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Given two triangle I have the transformation (three rotation followed by three translation)of both the triangles. How can I calculate the transformation between two triangles? A numerical example will help. Thanks in advance!

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I don't understand your parenthetical remarks. Is your question "How do calculate a linear transformation of one given triangle into another?" If so, what is the rotation and translation part of your question? Also, if that is your question, you can calculate it by change of basis formulas. – BBischof May 1 '11 at 15:45
Suppose I have one triangle ABC and another one DEF. ABC has the following transformation(three rotation in radians followed by three translation): 45.1983,-87.0796,44.5519,-7.279,-58.82,-89.988 And DEF has transformation as follows: 88.1941,-21.0735, 53.7017,-24.064,-67.799,-77.009. How to calculate the transformation between these two triangles? – Irina May 1 '11 at 20:24
What do you mean the triangle has transformations? I thought maybe you meant symmetries, but I don't see how a translation will give a symmetry, so I am clueless. – BBischof May 1 '11 at 20:34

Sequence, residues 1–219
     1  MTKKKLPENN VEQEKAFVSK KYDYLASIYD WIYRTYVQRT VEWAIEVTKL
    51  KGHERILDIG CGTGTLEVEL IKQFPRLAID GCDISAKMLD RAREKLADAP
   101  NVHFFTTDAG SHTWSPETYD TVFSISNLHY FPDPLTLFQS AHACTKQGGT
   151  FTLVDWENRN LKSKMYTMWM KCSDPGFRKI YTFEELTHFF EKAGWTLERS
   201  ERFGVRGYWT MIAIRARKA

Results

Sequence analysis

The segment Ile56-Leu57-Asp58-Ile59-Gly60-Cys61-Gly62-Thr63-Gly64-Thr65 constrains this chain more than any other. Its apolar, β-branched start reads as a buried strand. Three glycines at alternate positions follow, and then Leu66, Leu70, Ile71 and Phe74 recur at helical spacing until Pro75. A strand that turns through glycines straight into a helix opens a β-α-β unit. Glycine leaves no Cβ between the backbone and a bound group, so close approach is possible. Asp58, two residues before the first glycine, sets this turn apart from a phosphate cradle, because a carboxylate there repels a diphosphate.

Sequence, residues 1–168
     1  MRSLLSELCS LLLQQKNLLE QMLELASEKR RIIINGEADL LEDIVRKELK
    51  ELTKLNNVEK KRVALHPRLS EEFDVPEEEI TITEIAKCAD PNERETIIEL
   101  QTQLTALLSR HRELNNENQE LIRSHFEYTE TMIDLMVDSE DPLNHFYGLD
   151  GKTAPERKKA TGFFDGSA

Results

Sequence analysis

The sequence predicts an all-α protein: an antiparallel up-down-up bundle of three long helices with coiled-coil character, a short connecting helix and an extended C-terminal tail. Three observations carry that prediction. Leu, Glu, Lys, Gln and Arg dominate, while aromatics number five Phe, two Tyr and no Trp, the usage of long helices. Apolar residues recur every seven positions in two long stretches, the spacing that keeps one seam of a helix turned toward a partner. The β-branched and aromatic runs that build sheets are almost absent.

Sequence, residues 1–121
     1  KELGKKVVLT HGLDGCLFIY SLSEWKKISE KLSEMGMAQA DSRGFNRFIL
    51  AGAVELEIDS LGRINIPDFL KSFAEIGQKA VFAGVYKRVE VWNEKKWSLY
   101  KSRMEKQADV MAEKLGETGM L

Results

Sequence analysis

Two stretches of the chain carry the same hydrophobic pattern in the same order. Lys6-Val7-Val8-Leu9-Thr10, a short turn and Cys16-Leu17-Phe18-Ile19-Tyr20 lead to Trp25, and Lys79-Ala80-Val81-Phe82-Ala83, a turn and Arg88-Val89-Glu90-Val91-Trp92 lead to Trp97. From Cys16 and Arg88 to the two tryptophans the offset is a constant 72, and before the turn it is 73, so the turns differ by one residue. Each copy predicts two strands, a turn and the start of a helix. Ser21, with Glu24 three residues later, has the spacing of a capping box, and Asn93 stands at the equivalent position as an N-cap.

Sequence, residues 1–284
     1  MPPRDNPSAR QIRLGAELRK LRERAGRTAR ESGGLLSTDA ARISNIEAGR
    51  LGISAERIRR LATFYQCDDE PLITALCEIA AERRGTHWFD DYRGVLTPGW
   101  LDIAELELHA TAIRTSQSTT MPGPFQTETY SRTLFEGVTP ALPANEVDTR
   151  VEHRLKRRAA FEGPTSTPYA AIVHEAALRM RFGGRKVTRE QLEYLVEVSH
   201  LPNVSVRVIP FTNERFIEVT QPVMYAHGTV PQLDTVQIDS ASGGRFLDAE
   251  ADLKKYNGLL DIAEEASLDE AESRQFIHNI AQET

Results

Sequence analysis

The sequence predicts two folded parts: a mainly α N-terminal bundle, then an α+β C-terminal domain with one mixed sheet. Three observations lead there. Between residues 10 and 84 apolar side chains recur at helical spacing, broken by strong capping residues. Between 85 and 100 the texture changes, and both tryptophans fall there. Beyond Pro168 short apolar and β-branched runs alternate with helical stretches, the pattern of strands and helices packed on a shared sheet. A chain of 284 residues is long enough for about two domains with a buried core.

I defined a news coordinate system such that point A becomes the origin, x-coordinate is the vector AB, z-coordinate is the cross product of x-coordinate and vector AC, and y -coordinate is the cross product of x and y coordinate. This way you can get a new transformation for the triangle ABC. I defined the same thing for DEF and now I want to superimpose DEF on ABC. How can I calculate the transformation between these two triangles? – Irina May 1 '11 at 21:12
I am so sorry but I am still confused as to what you are asking. I am ok with the definition of your triangle ABC. But I still don't know what you mean by transformation. – BBischof May 2 '11 at 4:55

When rotating a rigid body into standard position, the three rotations are not one around each spatial axis. One approach is Euler angles. In any case, you would hope to have three single-axis rotation matrices that, when multiplied, give the whole rotation.

Given that this is true, if the matrices for triangle $ABC$ are $R_1,R_2,R_3$ and the translation is $T_1$, and for $DEF$ are $R_4,R_5,R_6,T_2$, and $A'B'C'$ is triangle $ABC$ in standard position (after the rotation/translation) you have $A'B'C'=T_1+R_3R_2R_1ABC=D'E'F'=T_2+R_6R_5R_4DEF$. Then $DEF=R_4^{-1}R_5^{-1}R_6^{-1}(T_1+R_3R_2R_1ABC-T_2)$

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Hi thanks for the answer. Can't I move a rigid body along x-axis 45.1983 radians? So why I always need a matrix to represent it? – Irina May 3 '11 at 1:29
If you translate it along $x$, you don't need radians-that is an angle. If you do your rotations around fixed space directions, I believe there are positions you cannot achieve, but am not sure. – Ross Millikan May 3 '11 at 2:04

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